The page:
You 'can't outrun' obesity, Conservatives' NHS £8bn is not enough and genetic odour link to mozzie bites
A round-up of the morning’s health news headlines
The benefits of exercise in weight loss have been overstated by the food and drink industry, when the ‘type and amount’ of calories consumed, in particular dietary sugar, IS more to blame for our expanding waistlines, the Guardian reports, among many others. .
Lead researcher and cardiologist Dr Aseem Malhotra says while regular exercise prevents heart disease, dementia and other conditions, it is time to ‘bust the myth of physical activity and obesity. You cannot outrun a bad diet’.
The research, published in the British Journal of Sports Medicine has sparked a debate between other academics who highlight the most effective weight loss programmes use both exercise and diet interventions.
The £8bn NHS funding pledged by the Conservatives if they should win at the next election will not be enough to sustain the health service, a poll of NHS finance directors by the King’s Fund think-tank has found.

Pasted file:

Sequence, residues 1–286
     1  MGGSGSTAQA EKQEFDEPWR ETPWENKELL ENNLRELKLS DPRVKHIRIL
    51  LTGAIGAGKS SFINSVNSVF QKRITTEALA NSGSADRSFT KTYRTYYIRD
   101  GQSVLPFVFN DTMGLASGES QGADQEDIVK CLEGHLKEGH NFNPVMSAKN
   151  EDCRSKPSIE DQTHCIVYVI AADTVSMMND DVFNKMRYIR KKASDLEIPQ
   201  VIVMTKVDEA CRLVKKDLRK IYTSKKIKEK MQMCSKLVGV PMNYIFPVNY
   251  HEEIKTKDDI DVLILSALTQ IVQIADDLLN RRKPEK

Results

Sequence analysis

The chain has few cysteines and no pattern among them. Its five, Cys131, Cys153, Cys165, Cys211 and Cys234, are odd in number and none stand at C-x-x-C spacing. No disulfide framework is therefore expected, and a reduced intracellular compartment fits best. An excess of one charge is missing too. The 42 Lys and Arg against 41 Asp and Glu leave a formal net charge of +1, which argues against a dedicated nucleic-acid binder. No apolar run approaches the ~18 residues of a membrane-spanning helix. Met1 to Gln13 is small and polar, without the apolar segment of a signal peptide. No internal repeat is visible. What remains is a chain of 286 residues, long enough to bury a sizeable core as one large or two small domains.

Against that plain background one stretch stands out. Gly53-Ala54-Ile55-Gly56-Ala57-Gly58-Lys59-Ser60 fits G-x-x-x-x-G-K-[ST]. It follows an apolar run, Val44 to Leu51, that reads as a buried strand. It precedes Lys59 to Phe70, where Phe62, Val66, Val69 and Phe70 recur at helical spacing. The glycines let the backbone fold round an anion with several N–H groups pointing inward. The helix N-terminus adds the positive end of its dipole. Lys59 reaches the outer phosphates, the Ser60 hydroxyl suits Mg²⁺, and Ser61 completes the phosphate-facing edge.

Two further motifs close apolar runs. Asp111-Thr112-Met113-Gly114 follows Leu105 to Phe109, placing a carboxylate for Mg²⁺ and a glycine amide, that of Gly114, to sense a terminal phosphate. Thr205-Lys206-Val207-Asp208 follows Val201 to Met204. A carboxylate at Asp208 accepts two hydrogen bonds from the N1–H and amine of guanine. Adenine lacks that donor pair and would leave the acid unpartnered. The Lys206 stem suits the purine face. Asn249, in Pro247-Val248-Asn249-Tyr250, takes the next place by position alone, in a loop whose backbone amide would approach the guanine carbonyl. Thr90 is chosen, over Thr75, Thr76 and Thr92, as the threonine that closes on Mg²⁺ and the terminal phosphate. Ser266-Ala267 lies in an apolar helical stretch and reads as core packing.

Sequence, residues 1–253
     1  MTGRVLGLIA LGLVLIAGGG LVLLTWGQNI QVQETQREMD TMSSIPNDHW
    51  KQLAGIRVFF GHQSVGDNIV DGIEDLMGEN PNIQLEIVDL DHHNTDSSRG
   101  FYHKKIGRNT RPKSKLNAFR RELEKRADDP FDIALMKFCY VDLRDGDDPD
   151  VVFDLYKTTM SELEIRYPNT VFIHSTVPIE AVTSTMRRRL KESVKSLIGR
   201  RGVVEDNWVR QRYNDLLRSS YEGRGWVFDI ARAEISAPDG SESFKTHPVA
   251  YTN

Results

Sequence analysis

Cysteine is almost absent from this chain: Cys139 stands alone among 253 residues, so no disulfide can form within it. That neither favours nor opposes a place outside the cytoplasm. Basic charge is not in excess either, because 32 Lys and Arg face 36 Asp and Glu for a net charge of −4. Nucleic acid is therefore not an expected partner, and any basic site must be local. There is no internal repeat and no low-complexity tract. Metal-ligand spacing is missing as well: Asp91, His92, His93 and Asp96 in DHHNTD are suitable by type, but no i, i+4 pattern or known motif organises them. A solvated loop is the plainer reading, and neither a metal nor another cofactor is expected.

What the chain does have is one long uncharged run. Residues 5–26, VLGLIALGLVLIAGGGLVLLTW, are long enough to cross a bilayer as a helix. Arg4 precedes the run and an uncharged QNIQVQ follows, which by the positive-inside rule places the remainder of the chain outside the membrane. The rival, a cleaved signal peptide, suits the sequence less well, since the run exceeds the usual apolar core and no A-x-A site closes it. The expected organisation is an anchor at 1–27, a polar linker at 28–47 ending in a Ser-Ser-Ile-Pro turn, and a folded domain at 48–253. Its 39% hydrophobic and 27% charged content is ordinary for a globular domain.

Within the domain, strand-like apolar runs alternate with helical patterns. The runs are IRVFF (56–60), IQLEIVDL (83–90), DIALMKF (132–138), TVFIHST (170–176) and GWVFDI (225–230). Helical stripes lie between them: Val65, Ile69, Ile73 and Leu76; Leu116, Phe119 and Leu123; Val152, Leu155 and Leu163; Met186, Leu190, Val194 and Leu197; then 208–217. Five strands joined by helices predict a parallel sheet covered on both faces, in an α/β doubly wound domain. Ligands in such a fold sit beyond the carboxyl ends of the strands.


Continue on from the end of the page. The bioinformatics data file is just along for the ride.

The Independent reports the think-tank’s quarterly monitoring report found 75% of NHS trust finance directors and more than two thirds of CCG finance leads said there was a high or very high risk they would fail to achieve the ‘productivity gains’ essential to hitting the finance targets in NHS England’s Five Year Forward View.
And finally, leave that insect repellent out of your suitcase and pack a genetic testing kit instead, as research has identified a link between body odours coded in our DNA and the likelihood of becoming a meal for mosquitos.
The BBC reports that the results of the pilot study working with 19 sets of non-identical twins and 18 sets of identical ones showed identical twins – who share the same sets of genes – were bitten equally.
Dr David Weetman, of the Liverpool School of Tropical Medicine, called for larger studies to develop this research, and said: ‘This is a novel and intriguing finding. It is the first time a genetic basis has been demonstrated.’